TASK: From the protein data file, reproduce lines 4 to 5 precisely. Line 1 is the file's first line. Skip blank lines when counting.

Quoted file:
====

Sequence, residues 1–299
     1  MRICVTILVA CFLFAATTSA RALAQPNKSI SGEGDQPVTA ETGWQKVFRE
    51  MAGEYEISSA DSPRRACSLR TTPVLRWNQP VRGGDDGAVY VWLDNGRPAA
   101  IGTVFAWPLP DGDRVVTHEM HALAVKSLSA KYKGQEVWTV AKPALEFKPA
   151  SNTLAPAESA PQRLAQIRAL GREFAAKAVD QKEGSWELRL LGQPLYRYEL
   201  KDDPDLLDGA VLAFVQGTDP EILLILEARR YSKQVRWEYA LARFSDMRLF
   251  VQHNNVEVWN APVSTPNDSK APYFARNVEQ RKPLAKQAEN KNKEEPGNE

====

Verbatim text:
   101  IGTVFAWPLP DGDRVVTHEM HALAVKSLSA KYKGQEVWTV AKPALEFKPA
   151  SNTLAPAESA PQRLAQIRAL GREFAAKAVD QKEGSWELRL LGQPLYRYEL